Some of the elder L-numbers are almost like ghosts. L170 is one of those examples where the fish in question has barely been seen since it was first presented in DATZ, and judging by most books and literature out there it’s pretty much forgotten and overlooked by “everyone”. Obviously, the fact that L170 doesn’t really stand out in a crowd and comes from an area where not many Loricariidae species are collected these days are the main reasons why they aren’t around. But it’s still strange that this Peckoltia is omitted from most (even good) publications. It shouldn’t come as a surprise then, that when L170 recently did enter our hobby, it was in Japan. Seemingly, 2 fish were imported. In other words, we shouldn’t hold our breath waiting for L170 to become readily available to the worldwide Catfish community.
Name: Peckoltia sp. “L170”
Trade names: L170, Peckoltia sp. “Abacaxis”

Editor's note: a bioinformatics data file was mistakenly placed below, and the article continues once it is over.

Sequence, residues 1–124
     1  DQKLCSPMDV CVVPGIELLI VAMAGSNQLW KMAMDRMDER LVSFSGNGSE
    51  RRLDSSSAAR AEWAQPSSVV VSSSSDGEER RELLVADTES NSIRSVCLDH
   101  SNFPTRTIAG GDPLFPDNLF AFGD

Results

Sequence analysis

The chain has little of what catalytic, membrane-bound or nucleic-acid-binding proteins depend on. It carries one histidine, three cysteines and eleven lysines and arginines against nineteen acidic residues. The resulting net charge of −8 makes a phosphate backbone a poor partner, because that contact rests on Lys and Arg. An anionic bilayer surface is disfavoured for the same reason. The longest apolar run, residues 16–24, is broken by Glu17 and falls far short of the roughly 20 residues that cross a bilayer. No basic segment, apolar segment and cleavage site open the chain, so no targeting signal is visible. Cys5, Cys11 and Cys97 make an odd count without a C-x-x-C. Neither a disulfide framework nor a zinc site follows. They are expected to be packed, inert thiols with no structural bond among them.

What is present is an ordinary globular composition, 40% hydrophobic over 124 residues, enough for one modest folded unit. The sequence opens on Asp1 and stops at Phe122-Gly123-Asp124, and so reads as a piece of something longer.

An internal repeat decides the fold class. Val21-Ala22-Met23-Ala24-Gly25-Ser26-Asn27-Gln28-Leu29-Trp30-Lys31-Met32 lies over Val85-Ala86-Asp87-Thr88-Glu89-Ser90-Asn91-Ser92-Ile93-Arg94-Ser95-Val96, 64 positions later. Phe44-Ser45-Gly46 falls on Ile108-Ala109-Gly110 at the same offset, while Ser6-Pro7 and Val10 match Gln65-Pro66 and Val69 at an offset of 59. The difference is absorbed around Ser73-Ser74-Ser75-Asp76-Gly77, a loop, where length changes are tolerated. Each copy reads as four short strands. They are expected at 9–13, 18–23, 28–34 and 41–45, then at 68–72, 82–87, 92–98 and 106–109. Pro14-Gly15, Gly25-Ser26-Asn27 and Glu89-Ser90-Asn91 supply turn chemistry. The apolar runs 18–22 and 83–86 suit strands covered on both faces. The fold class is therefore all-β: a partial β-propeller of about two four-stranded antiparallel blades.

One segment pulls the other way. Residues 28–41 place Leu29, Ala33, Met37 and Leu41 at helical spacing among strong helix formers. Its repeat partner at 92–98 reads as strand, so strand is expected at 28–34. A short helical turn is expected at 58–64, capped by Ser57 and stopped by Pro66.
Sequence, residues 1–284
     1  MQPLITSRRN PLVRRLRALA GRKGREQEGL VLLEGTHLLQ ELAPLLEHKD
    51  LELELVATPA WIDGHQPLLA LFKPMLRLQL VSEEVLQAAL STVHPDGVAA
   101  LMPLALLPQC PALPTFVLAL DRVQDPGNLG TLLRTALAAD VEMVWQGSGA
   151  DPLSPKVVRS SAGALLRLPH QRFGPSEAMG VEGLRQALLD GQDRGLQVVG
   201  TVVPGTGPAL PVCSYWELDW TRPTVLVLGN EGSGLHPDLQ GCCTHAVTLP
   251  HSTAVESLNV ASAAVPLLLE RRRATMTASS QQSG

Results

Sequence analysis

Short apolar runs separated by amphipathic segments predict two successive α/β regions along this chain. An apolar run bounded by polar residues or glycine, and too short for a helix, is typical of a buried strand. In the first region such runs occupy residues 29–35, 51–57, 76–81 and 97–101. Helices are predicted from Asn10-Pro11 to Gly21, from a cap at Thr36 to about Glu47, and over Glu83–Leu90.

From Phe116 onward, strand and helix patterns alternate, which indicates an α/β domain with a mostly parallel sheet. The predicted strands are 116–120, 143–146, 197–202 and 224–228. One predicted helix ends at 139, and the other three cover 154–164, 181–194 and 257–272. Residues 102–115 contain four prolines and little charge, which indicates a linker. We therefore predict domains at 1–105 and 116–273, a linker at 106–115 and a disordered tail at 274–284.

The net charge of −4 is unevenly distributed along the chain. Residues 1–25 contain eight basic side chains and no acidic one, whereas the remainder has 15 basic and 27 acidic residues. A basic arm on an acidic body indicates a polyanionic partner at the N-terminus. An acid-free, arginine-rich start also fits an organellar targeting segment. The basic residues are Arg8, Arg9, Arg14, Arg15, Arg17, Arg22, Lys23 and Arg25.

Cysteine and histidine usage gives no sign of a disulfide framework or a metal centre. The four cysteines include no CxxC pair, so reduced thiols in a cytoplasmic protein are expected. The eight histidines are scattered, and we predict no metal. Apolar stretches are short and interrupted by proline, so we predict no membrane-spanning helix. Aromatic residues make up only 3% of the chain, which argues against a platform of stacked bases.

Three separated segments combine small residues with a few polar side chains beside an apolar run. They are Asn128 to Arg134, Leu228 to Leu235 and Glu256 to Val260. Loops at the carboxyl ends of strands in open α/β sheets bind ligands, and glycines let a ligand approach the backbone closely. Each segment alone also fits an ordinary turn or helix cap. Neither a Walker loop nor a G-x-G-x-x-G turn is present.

Origin: Rio Abacaxis, Brazil
Maximum TL: 15 cm / 6''
L170 is most similar to L209, another Peckoltia species from the same area. L209 is said to hail from the Rio Madeira, with no further details revealed. Rio Abacaxis isn’t very far from the mouth of Rio Madeira, so in my opinion there’s a good chance for a very close relation between L170 and L209. With the severe lack of picture material for both these L-numbers, it’s hard to say if they may in fact be the same species or not. They both share the very broad, black lines and blotches against a tanned background. Juveniles tend to have more straight black lines, whereas in adults these break up and blur. It’s worth noticing that L209 was given its number based on smaller (6 cm) fish, and L170 was assigned to larger (11 cm) fish.
Often wild fish needs some proper care and feeding to regain their strength and vitality, and when they are happy and relaxed they will show off a beautiful orange colour in the fins. Stressed individuals are pale with slightly washed out markings. L170 is an omnivore, so a varied diet is required. After a period of mainteance and conditioning the fish should be possible to breed in typical Peckoltia manor. Clean, warm water with good movement and a tank furnished with decent caves and other hiding places makes the fish feel relaxed, and the males will eventually show off some impressive odontodal growth.